Sunday, February 21, 2016

"Superman" Crystals

What if everything we ever knew or will know in the future can never again be forgotten? That is exactly the type of technology that researchers at the University of Southhampton have developed as the Superman movies we all know and love come to life. Similar to the crystals in the movies, this technology takes the form of small glass disks that have information encrypted in them using a unique laser technology.

According to the article by CNN, each individual disk can hold up to 360 terabytes of data and can last billions of years. In theory this is an incredible advancement. If you think of all the different fields this technology can help the list is endless. In the business world for example, companies can store all their information on these chips and don't have to worry about their computers or other technology's failing. As technology is developing so quickly today, there is always a rush to get the next best product out on the market. Therefore, this leaves room for glitches. This technology is seemingly indestructible seeing as they are said to last billions of years. They are the ultimate external hard drive, or are they?

Another source, Science Daily, quotes one of the researchers by saying, "It is thrilling to think that we have created the technology to preserve documents and information and store it in space for future generations." Personally, some concerns arise from this. If all the information known to mankind is stored on these chips then what happens if the chips become destroyed? Everything we ever know could be gone leaving future generations having to start from scratch and re-discover everything our society has worked so hard to find. Personally, I do not believe that we should be relying on these chips to the extent that they are said to be used for. Although researchers are seeking industry partners to further develop the product, I believe an immense more amount of research needs to be done before these chips are put into effect.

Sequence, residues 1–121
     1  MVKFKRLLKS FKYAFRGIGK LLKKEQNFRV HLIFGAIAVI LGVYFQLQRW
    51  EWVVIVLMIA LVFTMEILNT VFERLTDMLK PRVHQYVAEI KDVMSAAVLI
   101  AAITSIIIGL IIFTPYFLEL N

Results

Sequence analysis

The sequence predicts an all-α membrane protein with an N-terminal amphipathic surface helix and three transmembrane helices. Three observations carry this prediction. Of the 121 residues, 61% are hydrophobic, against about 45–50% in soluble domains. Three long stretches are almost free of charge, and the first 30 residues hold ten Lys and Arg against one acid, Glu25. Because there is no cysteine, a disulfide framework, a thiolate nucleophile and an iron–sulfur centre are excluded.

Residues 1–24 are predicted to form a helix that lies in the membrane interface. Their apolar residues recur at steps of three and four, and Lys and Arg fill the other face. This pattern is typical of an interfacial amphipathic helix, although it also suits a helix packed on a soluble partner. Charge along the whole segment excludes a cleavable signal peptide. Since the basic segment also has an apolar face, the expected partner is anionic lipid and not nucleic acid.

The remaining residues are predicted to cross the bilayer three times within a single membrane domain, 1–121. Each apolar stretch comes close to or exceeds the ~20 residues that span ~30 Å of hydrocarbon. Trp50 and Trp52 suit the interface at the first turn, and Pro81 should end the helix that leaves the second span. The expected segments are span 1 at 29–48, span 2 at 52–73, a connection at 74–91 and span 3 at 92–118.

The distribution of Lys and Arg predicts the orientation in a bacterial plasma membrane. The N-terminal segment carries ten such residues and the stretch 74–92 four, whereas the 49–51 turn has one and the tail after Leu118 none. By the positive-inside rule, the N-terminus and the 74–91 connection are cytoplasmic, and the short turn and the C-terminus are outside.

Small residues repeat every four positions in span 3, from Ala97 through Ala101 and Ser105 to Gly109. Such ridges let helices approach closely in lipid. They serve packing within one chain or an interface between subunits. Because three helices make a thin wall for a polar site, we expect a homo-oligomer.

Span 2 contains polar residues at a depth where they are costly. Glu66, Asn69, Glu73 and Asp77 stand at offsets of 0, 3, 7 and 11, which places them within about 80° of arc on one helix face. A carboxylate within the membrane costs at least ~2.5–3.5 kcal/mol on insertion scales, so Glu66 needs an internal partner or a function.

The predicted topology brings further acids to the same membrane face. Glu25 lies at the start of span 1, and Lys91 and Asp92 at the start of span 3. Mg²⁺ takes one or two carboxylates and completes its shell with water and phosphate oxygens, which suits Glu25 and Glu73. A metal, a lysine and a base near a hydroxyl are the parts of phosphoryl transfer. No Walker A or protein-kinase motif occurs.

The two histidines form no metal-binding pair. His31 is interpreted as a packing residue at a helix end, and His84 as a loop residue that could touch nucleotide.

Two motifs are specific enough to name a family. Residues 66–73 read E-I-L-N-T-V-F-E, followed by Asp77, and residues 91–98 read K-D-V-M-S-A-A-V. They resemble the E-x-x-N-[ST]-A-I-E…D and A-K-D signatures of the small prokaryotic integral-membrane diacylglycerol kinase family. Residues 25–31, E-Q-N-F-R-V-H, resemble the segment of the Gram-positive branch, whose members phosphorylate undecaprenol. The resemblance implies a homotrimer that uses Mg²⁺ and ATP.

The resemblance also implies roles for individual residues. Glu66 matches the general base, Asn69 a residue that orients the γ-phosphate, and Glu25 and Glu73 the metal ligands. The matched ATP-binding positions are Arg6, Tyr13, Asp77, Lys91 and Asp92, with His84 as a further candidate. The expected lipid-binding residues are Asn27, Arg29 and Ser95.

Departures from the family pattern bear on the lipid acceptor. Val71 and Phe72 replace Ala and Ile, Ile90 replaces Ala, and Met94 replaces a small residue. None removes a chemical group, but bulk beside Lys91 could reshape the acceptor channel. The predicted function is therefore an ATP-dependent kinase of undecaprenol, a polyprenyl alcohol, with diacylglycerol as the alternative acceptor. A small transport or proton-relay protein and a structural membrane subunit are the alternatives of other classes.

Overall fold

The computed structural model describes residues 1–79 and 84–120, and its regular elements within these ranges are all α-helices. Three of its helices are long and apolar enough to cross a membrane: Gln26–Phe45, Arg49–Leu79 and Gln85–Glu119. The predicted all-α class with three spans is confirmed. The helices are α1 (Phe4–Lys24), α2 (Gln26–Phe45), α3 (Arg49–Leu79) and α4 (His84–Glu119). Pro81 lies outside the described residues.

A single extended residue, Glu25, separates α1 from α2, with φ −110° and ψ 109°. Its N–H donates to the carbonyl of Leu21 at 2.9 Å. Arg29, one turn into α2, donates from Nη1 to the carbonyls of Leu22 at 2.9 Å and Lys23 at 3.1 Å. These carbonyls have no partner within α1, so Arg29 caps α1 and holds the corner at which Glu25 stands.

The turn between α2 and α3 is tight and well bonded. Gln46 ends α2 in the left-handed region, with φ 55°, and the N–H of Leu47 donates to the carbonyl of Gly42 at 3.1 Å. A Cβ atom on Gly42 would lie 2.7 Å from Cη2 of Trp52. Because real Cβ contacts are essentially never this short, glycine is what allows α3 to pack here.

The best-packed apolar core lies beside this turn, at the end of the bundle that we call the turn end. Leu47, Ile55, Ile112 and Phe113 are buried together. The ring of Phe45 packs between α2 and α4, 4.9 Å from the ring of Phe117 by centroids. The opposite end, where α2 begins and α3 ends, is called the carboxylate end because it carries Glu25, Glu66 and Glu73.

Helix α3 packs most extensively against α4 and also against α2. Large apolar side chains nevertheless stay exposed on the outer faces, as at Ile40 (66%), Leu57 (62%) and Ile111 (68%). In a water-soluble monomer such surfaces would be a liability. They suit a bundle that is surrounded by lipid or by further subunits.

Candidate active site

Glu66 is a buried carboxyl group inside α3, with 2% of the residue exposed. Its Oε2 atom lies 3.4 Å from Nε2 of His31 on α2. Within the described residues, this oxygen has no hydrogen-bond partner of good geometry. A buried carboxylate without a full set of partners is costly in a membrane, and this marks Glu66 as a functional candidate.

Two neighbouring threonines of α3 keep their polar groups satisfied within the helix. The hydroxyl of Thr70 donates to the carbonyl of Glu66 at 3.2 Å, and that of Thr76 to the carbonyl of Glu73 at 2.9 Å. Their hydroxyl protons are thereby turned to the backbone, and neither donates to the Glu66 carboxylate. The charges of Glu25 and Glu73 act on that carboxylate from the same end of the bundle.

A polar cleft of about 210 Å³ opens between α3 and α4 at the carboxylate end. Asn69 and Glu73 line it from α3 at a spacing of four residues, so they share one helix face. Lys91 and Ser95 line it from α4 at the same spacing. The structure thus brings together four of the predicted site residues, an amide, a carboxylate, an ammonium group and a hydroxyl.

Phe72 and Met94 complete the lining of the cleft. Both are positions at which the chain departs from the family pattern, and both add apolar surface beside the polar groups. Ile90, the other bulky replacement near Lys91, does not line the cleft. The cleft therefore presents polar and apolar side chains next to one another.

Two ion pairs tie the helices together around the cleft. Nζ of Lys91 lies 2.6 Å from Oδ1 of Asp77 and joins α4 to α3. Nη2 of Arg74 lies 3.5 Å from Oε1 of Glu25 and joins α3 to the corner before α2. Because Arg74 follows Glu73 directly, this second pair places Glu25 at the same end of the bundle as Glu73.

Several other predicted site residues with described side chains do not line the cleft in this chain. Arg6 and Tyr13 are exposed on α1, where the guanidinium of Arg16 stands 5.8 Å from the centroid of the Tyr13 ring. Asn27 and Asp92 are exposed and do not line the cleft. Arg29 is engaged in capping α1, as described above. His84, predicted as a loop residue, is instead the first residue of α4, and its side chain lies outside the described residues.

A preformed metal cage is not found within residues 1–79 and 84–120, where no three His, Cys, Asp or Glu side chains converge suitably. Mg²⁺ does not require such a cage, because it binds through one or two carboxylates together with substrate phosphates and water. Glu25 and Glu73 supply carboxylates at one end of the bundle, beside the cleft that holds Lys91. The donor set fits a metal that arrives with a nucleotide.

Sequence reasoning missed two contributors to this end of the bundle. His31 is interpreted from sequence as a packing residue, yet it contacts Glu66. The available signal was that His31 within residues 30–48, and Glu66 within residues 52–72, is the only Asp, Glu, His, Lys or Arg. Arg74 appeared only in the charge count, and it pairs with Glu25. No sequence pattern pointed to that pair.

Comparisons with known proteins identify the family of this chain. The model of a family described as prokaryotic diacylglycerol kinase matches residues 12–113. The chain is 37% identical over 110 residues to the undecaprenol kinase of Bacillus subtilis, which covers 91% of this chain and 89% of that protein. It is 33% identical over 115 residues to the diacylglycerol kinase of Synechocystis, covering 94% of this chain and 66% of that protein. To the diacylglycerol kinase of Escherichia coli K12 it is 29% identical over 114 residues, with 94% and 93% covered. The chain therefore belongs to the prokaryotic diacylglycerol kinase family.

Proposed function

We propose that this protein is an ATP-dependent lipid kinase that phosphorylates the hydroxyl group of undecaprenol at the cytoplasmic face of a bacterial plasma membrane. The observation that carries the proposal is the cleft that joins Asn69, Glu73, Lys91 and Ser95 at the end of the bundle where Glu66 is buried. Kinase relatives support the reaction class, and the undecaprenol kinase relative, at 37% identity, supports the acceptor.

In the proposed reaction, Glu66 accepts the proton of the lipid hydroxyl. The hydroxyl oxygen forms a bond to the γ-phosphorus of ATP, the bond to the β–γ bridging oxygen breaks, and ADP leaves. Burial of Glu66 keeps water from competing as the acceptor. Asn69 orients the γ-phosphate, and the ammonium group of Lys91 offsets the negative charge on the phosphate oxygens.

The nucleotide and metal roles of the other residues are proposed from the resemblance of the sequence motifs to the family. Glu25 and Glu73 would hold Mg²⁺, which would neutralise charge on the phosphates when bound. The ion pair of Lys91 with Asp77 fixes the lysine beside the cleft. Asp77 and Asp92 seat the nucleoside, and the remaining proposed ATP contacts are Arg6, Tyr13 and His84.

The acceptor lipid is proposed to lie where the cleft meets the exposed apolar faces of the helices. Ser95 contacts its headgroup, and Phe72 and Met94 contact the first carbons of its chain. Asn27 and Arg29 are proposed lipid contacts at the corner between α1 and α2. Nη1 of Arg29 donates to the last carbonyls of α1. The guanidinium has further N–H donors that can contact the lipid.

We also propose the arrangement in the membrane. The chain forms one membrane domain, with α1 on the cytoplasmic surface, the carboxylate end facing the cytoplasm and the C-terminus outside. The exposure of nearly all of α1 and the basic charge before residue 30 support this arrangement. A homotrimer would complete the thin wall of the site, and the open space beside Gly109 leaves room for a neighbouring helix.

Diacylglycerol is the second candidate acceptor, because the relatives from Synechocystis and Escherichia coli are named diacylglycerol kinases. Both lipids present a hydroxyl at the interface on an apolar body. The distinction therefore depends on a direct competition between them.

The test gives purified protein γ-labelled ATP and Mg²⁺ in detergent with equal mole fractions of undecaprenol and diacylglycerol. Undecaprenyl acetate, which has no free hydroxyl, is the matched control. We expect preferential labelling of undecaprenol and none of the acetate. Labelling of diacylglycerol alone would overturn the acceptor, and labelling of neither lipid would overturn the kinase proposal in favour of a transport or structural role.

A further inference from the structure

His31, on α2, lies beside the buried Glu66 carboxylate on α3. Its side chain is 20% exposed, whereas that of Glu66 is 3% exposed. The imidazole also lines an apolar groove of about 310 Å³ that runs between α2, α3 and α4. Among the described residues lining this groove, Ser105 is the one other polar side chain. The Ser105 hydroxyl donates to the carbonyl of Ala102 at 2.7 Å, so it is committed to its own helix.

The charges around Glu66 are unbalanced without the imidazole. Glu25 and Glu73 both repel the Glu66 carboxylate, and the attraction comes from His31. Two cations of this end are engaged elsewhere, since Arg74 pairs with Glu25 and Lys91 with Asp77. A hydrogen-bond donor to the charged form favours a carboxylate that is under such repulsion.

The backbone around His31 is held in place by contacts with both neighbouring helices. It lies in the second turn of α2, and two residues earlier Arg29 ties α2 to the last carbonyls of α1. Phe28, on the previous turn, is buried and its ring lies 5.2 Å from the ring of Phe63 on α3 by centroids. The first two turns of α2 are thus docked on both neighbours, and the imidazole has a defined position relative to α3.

Another interesting fact to note is that neither article mentions anything of how these chips are going to be distributed. Are they solely for government use or will they be distributed to businesses and consumers? If they are distributed to civilians, how much will they cost to produce and or how much will they be sold for. Something this advanced must sell for an extremely high price. All these things must be considered in order to develop an accurate argument as to whether or not these chips are up to par.


1 comment:

  1. I researched a good bit into these crystals when i first heard about them, and I believe that they are profound well beyond their large storage capacity or longevity. What i found to be most exciting about these crystals was that they were not made to simply last forever under ideal conditions, but can survive in extreme conditions as well. This is important because it ensures that data will be salvageable in a great deal of scenario, including fires or flooding. This means that if a location is destroyed by some type of disaster, a team will be able to recover the crystals and continuing working where the data left off, rather than the necessity of a fresh start to the project. For this reason, I believe these crystals will be very important in businesses, universities, hospitals, and government facilities, where data is highly sensitive and important. Should, however, the technology be released publicly at an affordable price, it will offer consumer the digital equivalent of a fire safe, allowing them to store important data in a secure drive that will remain intact even in the most extreme of circumstances. These superman crystals are certainly important for their large data storage options and their limitless lifespan, but they are ever more profound due to their survival capabilities.


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